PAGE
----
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January 10, 2013
Chris Mars & Mike Davis Exhibit in "HEY! modern art & pop culture/Part II" at Halle Saint Pierre, Paris.

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HEY! modern art & pop culture / Part II

January 25 to August 23, 2013

Halle Saint Pierre
2 rue Ronsard, 75018 Paris, France

In September 2011, the Halle Saint Pierre museum joined forces with HEY! Modern Art & Pop Culture magazine to present its eponymous exposition which, designed as a 21st century cabinet of curiosities, wanted to be an audacious and effervescent synthesis of the alternative art scene. From seditious figures of lowbrow art feeding on the iconography of the popular media to the phantasmagoria of pop surrealism, while rediscovering the legacy of the great pictorial tradition, from street art activists to tattooing, individual and solitary escapes of art brut to refined and libertarian images with a “savage eye”, all these artistic margins were presented in all their diversity and their complexity.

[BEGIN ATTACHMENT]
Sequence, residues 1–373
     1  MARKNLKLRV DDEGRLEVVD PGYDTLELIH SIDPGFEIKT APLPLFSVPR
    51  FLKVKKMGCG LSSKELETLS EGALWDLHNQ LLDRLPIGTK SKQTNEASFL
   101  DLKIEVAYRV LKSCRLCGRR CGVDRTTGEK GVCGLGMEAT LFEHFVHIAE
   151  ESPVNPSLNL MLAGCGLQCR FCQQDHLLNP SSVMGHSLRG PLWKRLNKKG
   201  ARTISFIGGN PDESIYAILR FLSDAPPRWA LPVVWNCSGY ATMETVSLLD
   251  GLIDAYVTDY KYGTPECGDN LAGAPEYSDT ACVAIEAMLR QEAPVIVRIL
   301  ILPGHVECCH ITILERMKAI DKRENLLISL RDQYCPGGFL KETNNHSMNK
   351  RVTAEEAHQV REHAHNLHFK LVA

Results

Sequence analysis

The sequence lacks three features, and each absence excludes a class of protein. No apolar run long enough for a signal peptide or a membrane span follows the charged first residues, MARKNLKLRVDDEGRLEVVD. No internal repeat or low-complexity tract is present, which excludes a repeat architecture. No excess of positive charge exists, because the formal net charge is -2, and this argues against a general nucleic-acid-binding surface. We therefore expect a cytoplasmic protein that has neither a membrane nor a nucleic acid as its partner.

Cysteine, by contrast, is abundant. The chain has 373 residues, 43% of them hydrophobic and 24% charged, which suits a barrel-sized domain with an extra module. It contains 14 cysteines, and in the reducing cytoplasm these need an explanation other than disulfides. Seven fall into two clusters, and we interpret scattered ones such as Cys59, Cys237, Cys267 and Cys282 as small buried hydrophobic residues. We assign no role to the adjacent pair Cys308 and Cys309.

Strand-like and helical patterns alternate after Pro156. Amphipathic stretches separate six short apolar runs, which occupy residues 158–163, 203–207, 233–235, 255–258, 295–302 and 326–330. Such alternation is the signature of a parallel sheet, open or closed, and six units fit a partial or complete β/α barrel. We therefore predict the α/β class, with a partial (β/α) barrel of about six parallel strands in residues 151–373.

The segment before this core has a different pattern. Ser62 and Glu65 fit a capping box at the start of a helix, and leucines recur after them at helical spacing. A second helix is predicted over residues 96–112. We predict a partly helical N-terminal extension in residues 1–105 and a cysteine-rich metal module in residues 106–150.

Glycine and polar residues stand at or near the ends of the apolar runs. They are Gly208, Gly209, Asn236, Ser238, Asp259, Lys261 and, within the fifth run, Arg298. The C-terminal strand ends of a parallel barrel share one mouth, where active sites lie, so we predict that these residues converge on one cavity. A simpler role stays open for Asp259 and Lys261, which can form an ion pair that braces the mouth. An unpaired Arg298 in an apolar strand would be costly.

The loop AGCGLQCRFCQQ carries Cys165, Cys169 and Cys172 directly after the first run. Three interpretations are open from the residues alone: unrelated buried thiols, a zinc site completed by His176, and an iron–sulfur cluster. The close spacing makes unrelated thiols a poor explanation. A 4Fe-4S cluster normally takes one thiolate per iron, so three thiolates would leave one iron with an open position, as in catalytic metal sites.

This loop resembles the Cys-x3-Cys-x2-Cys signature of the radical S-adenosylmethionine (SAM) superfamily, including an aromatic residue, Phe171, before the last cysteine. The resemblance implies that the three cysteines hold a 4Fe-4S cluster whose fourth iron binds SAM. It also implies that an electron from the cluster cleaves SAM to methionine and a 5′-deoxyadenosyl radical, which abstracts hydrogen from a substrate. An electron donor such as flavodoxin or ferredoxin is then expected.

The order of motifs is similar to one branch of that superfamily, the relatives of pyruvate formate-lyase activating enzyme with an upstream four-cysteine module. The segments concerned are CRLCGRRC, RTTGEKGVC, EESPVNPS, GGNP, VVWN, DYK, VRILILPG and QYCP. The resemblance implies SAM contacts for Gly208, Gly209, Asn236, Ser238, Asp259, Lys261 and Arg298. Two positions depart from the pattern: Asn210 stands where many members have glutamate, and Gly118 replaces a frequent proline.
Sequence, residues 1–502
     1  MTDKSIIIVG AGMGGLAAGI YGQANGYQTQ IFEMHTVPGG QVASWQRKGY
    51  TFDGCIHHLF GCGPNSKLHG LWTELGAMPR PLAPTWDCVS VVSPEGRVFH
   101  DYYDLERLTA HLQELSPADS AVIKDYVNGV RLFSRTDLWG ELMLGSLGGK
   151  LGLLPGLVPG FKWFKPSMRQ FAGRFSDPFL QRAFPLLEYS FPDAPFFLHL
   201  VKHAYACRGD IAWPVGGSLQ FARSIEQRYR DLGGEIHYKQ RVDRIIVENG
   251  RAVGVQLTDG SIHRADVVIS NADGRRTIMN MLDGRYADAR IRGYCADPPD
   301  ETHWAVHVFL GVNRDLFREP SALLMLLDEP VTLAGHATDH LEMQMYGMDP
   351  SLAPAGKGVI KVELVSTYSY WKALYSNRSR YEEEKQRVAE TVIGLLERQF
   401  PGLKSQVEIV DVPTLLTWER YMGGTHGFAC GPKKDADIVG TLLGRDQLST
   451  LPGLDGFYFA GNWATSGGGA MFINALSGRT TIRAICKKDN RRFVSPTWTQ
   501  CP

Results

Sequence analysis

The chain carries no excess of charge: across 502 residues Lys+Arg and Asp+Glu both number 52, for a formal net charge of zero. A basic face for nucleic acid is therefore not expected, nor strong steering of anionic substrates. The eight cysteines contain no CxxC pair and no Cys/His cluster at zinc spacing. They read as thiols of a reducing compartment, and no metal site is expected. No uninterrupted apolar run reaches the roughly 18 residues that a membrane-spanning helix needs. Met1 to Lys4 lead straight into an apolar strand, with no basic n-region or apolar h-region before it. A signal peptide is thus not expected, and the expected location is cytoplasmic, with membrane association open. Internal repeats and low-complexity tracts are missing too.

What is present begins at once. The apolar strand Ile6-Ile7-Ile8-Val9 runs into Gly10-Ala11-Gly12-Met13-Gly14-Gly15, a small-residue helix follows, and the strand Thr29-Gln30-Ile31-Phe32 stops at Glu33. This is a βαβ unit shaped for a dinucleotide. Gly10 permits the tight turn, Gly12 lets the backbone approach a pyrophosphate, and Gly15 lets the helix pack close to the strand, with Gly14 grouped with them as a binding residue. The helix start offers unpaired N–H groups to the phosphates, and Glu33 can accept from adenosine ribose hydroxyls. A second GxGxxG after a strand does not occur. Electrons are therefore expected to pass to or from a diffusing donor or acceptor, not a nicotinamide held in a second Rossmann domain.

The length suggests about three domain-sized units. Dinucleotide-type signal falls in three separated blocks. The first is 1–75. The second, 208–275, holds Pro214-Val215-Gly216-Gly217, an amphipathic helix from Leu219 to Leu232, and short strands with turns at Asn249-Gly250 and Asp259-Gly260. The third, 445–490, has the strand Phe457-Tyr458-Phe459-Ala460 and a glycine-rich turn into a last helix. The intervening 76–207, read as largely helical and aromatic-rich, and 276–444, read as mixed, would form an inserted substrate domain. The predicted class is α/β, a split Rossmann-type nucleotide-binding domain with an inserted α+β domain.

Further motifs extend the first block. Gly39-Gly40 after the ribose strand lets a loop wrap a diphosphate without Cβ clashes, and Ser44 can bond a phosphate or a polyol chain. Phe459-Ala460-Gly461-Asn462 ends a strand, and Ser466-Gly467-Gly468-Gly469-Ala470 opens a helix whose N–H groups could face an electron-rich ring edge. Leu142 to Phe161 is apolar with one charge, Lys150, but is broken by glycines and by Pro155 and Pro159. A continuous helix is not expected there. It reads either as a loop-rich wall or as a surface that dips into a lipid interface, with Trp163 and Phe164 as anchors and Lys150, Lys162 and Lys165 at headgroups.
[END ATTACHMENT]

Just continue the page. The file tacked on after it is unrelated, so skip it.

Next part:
Now, the Museum Halle Saint Pierre and HEY! Magazine collaborate to present “HEY! modern art and pop culture / Part II.” Anne & Julien, creators of HEY! have put together a new meeting between the currents of pop culture, popular forms of modern and contemporary art, outsider art and art singular.

Again the exhibit will be with rare artists who germinated their invaluable talents in the margins. While the first edition brought together more than 64 international artists, HEY! modern art and pop culture / Part II repeats the experience with many figures from similar artistic trends and provides the same "power of discovery", while presenting figures such as Joe Coleman, Chris Mars, Louis Pons, Mati Klarwein, Masami Teraoka, Mike Davis.

Our society is a "world culture" in which pictorial art is no exception. Today, the spirit of the street and people is everywhere. In the spirit of HEY! magazine, the exhibition is over and the resonance of this urban, pop and outsider art whose Nevay Heather, Kate Clark, Mu Pan, Amanda Smith, Handiedan or Beb-Deum ( ...) represents the new generation. They divert the foundations of a technological civilization they represent openings permitted the artistic and free invention, where they maintain the closest possible tenuous with every kind of media or cultural environment, the sixty artists presented in the exhibition all challenge hierarchical boundaries that separate the great art of popular culture. Their genealogies and their cultural ancestry give this show an air of a twenty-first century cabinet of curiosities. Representatives of iconic pop culture or heirs of the most singular art; they are the pollinators of cultural creation.

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